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$800 a week to test employees for COVID-19. Could rapid, cheap tests help?

Laveta Brigham

Sara Polon spends $800 dollars each week on coronavirus tests for the staffers at her Washington, D.C., business, but sometimes the test results don’t come back for weeks.

Polon, 43, owns Soupergirl, a small soup company that has managed to stay open during the pandemic. Polon wanted to reassure her 30 full-time and part-time employees that she was trying to protect their health, so she’s been covering their weekly coronavirus tests since early June. But the national lab where the results are processed has significant backlogs.

“If I’m getting results 2 1/2 weeks later, I might as well just take that $800 and flush it down the toilet,” Polon told NBC News. “I’m just at the mercy of these national labs, and it’s petrifying.”

What Polon needs is a cheaper test with fast results that her employees could use at home, experts say. To ease the overwhelmed testing system, a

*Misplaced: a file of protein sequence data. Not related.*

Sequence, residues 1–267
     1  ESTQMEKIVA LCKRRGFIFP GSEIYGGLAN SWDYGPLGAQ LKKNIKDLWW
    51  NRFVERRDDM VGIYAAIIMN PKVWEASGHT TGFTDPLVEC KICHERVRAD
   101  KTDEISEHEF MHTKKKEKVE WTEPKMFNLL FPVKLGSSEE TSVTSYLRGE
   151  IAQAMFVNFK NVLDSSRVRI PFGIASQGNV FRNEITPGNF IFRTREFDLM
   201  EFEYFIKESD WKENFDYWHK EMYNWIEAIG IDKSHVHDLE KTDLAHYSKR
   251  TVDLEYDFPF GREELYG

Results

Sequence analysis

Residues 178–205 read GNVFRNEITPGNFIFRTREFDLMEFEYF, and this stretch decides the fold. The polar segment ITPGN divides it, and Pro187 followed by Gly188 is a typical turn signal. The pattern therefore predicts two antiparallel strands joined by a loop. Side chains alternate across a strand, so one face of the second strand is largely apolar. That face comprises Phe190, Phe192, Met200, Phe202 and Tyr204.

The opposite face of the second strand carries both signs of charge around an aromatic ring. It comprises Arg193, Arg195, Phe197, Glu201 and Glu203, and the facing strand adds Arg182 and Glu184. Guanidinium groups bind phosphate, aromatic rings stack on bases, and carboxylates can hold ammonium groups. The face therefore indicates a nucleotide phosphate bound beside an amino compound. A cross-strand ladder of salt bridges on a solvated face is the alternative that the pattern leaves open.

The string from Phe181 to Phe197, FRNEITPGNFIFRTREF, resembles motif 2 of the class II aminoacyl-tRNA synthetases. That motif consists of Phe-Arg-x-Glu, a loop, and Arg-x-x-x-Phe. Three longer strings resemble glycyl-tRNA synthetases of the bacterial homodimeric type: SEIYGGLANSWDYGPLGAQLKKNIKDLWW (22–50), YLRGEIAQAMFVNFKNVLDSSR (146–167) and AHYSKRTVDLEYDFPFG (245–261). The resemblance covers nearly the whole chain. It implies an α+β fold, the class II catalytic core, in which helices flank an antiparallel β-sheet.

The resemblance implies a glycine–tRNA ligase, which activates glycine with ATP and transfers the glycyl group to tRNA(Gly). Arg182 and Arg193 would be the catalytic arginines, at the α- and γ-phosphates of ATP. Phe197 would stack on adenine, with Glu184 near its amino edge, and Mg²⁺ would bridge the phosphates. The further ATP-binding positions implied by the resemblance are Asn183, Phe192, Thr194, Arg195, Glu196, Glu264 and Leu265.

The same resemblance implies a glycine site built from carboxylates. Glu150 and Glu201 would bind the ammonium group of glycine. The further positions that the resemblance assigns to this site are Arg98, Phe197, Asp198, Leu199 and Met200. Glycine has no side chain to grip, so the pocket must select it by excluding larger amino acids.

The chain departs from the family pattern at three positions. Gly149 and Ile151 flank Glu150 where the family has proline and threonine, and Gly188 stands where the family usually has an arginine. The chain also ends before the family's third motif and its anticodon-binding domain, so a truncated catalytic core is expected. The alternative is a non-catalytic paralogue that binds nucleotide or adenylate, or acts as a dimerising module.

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Hundreds quarantining in Ga. school district; masks optional at Sturgis motorcycle rally

Laveta Brigham

Florida, ravaged by a historic spike in COVID-19 cases for weeks, is showing signs of progress in statistics such as hospitalizations and positivity rates according to its governor — but stories of the human toll of the virus on young and old in the state continue to emerge this week.

In one case, a 21-year-old who believed he had recovered from a mild case suddenly became gravely ill with multi-organ failure. He’s now sharing his story as a warning of the potential for long-term illness.

And in a heartbreaking story, a 90-year-old man likely caught the virus as he said his final goodbye to his dying wife. After his story gained international attention, he also tested positive and later died. His family says he had no regrets.

Those stories come even as other areas of the country have gone months without serious outbreaks. In South Dakota, low case counts have